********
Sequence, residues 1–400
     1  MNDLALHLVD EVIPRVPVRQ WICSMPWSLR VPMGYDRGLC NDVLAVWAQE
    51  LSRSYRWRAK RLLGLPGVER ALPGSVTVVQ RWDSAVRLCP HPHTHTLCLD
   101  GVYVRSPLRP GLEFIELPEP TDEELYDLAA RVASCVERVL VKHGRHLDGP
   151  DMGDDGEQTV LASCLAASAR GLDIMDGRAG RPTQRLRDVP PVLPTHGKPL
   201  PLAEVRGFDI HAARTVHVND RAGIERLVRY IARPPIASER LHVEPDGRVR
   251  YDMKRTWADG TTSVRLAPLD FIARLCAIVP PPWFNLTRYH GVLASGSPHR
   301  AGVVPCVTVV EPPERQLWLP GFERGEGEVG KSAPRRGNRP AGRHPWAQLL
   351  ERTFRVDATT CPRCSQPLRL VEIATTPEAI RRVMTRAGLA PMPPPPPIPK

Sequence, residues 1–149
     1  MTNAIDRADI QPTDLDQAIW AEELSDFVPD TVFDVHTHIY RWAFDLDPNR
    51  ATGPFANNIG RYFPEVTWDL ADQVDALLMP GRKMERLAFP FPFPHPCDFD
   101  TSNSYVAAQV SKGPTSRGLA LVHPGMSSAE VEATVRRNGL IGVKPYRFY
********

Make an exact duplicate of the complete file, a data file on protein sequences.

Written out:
Sequence, residues 1–400
     1  MNDLALHLVD EVIPRVPVRQ WICSMPWSLR VPMGYDRGLC NDVLAVWAQE
    51  LSRSYRWRAK RLLGLPGVER ALPGSVTVVQ RWDSAVRLCP HPHTHTLCLD
   101  GVYVRSPLRP GLEFIELPEP TDEELYDLAA RVASCVERVL VKHGRHLDGP
   151  DMGDDGEQTV LASCLAASAR GLDIMDGRAG RPTQRLRDVP PVLPTHGKPL
   201  PLAEVRGFDI HAARTVHVND RAGIERLVRY IARPPIASER LHVEPDGRVR
   251  YDMKRTWADG TTSVRLAPLD FIARLCAIVP PPWFNLTRYH GVLASGSPHR
   301  AGVVPCVTVV EPPERQLWLP GFERGEGEVG KSAPRRGNRP AGRHPWAQLL
   351  ERTFRVDATT CPRCSQPLRL VEIATTPEAI RRVMTRAGLA PMPPPPPIPK

Sequence, residues 1–149
     1  MTNAIDRADI QPTDLDQAIW AEELSDFVPD TVFDVHTHIY RWAFDLDPNR
    51  ATGPFANNIG RYFPEVTWDL ADQVDALLMP GRKMERLAFP FPFPHPCDFD
   101  TSNSYVAAQV SKGPTSRGLA LVHPGMSSAE VEATVRRNGL IGVKPYRFY